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A job application form is your chance to show employers that you're perfectly suited

to the role and deserve to be shortlisted for an interview

What to include in a job application form

The form should give the employer an insight into you as a person and encourage
them to want to meet you to find out more.

All applicants will be asked to fill out the same form, so use the following typical
sections to present evidence of how you've developed relevant skills and gained
valuable experience through your academic, work and personal life:

Educational background - you'll usually be expected to provide information on

institutions attended, courses taken and qualifications gained.

Work experience - you may be asked to describe or list the main duties of your
current job, or any positions that you've held in the past.

Competency-based questions - this is where you get to show how you meet the
person specification for the role, by promoting yourself as the best candidate for the

Personal statement - if a supporting statement is required, this should be well-

structured - possibly using headings to set out how you meet the job criteria.

Most applications require a minimum of two referees; usually an employer and an

academic tutor.

Never lie on your CV or job application. Not only will you demonstrate your
dishonesty to a potential employer, but there can be serious consequences too. For
example, altering your degree grade from a 2:2 to a 2:1 is classed as degree fraud
and can result in a prison sentence.

Style tips

Your application can make a strong impression if you:

use power verbs, such as 'transformed', 'delivered', 'achieved' and 'inspired';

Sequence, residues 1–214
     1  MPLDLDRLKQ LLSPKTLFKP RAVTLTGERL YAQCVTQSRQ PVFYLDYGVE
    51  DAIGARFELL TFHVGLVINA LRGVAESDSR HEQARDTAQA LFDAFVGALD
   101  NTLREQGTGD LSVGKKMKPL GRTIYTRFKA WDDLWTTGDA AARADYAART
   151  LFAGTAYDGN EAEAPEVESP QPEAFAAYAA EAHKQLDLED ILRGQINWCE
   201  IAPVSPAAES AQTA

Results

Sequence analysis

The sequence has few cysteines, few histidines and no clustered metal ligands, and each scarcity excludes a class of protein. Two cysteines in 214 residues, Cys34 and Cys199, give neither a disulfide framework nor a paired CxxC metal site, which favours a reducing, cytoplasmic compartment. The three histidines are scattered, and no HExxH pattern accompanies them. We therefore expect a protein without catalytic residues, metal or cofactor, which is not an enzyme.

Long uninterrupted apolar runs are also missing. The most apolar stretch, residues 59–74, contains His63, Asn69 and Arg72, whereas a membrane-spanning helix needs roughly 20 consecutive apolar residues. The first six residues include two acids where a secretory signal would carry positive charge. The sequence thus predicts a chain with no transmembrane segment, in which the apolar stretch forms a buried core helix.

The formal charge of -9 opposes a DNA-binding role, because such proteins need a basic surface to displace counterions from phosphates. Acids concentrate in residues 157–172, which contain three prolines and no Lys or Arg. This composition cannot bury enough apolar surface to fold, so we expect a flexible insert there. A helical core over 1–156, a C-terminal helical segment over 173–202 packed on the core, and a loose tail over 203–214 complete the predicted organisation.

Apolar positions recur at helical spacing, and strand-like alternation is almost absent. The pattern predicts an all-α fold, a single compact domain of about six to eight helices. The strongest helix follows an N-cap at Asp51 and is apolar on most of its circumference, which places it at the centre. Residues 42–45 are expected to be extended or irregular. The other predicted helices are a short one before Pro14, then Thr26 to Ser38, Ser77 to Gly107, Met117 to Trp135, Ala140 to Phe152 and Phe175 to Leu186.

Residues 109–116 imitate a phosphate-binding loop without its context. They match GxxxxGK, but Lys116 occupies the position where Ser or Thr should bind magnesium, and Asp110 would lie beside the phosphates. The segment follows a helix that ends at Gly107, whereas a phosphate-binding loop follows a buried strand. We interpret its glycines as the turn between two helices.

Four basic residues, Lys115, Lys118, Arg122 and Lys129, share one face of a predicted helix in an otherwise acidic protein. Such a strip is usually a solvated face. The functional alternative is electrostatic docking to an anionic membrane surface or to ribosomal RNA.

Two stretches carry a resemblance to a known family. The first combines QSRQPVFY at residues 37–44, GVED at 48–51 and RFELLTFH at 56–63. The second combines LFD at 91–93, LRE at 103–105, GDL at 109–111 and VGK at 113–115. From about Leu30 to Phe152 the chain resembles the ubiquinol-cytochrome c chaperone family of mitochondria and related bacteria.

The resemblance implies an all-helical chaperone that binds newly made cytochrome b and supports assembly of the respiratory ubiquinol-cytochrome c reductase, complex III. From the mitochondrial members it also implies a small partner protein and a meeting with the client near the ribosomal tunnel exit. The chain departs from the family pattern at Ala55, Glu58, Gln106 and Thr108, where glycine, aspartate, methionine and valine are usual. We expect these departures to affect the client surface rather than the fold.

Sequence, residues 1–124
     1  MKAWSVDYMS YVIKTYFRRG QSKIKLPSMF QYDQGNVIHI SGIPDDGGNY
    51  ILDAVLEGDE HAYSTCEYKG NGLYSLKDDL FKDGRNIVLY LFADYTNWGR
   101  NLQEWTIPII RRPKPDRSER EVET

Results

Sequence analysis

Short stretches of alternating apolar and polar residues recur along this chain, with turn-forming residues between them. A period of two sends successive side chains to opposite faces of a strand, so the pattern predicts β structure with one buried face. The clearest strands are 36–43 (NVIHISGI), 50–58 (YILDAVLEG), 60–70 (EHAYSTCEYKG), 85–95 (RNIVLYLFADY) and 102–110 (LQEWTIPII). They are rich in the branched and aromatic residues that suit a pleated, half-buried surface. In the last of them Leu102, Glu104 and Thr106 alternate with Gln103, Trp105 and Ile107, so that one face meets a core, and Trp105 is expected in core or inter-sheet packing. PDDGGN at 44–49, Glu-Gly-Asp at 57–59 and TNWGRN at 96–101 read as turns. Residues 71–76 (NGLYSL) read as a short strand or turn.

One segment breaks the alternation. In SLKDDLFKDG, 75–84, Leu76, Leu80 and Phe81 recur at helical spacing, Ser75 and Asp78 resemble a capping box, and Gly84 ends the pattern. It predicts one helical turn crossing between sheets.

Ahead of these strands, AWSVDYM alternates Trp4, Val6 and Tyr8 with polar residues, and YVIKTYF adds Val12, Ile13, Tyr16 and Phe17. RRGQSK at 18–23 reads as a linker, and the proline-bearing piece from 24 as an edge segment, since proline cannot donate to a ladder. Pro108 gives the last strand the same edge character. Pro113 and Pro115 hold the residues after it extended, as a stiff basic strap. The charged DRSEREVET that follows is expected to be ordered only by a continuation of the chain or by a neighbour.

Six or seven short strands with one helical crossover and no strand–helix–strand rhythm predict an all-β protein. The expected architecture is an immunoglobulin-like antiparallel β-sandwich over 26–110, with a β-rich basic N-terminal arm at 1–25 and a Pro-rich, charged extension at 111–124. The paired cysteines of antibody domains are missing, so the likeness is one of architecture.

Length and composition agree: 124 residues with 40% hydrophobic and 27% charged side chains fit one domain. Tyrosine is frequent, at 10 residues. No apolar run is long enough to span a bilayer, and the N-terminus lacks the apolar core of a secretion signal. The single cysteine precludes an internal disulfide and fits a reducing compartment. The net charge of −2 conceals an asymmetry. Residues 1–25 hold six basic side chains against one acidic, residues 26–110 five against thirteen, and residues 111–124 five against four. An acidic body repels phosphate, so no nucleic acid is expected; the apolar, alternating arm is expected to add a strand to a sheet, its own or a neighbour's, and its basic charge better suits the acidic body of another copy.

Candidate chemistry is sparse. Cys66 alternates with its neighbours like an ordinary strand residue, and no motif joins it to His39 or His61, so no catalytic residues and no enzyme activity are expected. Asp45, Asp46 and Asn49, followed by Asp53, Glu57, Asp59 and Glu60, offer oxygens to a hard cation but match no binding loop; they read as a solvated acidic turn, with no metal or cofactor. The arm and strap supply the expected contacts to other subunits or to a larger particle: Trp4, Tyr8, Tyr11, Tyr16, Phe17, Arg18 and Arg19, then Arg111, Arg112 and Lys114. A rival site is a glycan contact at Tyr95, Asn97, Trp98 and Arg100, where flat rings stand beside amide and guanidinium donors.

choose descriptive words like 'effective', 'consistent', 'determined' and 'adaptable';

focus on the questions asked rather than waffling or being too vague;

select appropriate examples of your achievements from past experience;

demonstrate genuine enthusiasm for the role.

Once you've completed the form, check through the final version to ensure that
there are no spelling or grammar errors. You may want to ask someone else, such
as a university careers adviser, to read it too.

The key to a successful job application is to be succinct, positive and clear, while
satisfying each of the points listed in the person specification. To find out how to
achieve this, see what skills do employers want?

Disclosing personal information

You're not obliged to divulge personal details regarding your age, ethnicity, gender,
religion or sexual orientation, and so shouldn't be asked to do so here. Only include
information that you feel would help with your application and support your
suitability for the role.

You may be asked to complete an equal opportunities form. This information is

treated confidentially and will not be used as part of the selection process. The form
is normally separate from the application, and used solely for monitoring the
employer's commitment to equality and diversity.

Online job applications

While some electronic application forms have to be completed in one sitting, many
systems now allow you to register your details and save your progress as you go
along. However, be aware that employers may be able to view partially completed

Here are a few useful tips for completing online job applications:

If you decide to cut and paste your answers, be careful not to include names of
other organisations that you've applied to previously, as this will result in instant

You should always read the supporting documentation very carefully, answering all
questions (including sub-questions, if there are any) and sticking to the word count.

Print off a draft copy of your application form before submitting it, as this gives you
the opportunity to proofread it for mistakes while ensuring that every section has
been filled in correctly. You may also want to keep a copy for your own records.

Allow plenty of time to complete it, remembering to submit the form and all
supporting documents (including references) by the deadline.

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